Cotton prices set record high on weather fears

AP News
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Posted: Oct 25, 2010 3:54 PM
Cotton prices set record high on weather fears

Cotton prices set a record high Monday amid worries that poor weather may have damaged the Texas harvest even as global supplies remain tight and demand is strong.

Cotton added 5 cents, or 4.2 percent, to settle at $1.2471 a pound Monday.

Cotton prices have staged a three-month rally fueled by a combination of factors such as poor weather in some producing regions around the world and a weaker dollar.

The higher prices haven't curbed demand because exports still are strong, Lind-Waldock senior market strategist Tom Mikulski said.

Most commodities flourished Monday because of the dollar, which grew weaker after world finance ministers promised to work to better balance global trade. Yet, they stopped short of agreeing on specific plans to avoid a currency war.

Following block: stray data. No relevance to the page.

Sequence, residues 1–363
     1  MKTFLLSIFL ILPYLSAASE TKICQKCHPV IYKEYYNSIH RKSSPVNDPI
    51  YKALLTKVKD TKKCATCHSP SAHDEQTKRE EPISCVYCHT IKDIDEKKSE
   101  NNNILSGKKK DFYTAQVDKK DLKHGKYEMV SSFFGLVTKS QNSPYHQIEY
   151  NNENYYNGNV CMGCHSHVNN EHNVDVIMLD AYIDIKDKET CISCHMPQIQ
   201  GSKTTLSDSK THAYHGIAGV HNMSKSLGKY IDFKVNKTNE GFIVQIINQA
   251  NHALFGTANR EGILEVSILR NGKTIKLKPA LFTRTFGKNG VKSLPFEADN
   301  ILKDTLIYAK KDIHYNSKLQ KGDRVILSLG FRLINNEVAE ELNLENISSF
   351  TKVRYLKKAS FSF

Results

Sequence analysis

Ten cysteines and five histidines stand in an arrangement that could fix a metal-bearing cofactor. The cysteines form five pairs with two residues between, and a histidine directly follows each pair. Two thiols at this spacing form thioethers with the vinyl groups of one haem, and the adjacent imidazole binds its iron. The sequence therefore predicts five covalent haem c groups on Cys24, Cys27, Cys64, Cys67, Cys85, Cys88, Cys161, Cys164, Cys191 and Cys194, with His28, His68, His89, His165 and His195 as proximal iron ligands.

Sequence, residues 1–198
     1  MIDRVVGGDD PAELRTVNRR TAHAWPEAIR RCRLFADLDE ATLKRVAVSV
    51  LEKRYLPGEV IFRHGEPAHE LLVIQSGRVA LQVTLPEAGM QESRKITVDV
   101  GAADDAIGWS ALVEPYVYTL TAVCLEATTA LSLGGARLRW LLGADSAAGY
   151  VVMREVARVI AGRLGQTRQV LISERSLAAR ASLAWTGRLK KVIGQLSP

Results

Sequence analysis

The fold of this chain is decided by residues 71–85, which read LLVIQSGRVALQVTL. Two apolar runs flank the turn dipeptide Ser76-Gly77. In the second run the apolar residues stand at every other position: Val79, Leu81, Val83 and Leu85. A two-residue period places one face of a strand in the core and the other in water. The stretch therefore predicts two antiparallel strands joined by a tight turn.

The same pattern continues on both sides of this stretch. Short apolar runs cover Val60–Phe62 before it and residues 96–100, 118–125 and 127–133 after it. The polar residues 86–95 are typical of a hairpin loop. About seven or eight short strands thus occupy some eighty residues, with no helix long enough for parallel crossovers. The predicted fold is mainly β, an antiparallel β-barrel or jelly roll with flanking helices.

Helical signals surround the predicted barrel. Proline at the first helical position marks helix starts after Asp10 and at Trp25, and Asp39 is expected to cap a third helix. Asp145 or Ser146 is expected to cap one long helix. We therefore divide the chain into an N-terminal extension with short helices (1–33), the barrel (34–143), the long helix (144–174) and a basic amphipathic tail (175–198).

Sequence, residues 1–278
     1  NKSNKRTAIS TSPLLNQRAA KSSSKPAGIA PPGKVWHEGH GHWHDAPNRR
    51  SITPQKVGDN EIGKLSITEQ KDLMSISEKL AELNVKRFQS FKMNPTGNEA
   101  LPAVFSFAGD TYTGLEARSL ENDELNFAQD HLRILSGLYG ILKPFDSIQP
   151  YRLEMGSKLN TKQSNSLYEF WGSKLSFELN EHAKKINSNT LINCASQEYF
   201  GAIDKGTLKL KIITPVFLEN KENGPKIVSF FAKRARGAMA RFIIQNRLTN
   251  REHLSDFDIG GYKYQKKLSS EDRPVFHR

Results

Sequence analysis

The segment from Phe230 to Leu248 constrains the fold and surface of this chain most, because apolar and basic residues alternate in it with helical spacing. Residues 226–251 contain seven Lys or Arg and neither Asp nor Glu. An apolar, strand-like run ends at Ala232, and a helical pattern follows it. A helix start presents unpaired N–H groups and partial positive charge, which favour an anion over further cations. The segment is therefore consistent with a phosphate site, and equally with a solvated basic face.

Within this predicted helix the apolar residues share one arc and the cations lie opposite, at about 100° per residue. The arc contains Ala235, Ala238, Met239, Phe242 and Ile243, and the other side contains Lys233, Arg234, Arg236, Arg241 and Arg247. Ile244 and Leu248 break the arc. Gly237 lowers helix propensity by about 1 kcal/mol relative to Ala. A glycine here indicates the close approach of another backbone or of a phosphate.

Since commodities are priced in dollars, a weaker dollar means traders who use foreign currencies can get a better bargain for such things as oil, soybeans, cotton and metals.

Looming next week is the Federal Reserve's meeting, after which the policymakers are expected to announce steps to stimulate the U.S. economy, such as buying government debt. That could add more pressure on the dollar.

Metals all settled higher on the day.

Gold for December delivery added $13.80 to settle at $1,338.90 an ounce while silver gained 42.6 cents to $23.544 an ounce.

In other metals contracts for December, copper rose 6.6 cents to $3.8630 a pound and palladium rose $17.70 to $608.80 an ounce. January platinum added $21.90 to settle at $1,697 an ounce.

With the exception of natural gas, energy contracts all rose.

Benchmark crude for December delivery rose 83 cents to $82.52 a barrel.

In Nymex trading in November contracts, heating oil edged up 0.34 cent to settle at $2.2550 a gallon and gasoline gained 1.35 cents to settle at $2.0773 a gallon. Natural gas slipped 1.5 cents to settle at $3.317 per 1,000 cubic feet.

In grains contracts for December, corn added 8.75 cents to $5.6875 a bushel and wheat rose 3.25 cents to $6.74 a bushel. January soybeans gained 18.5 cents to $12.30 a bushel.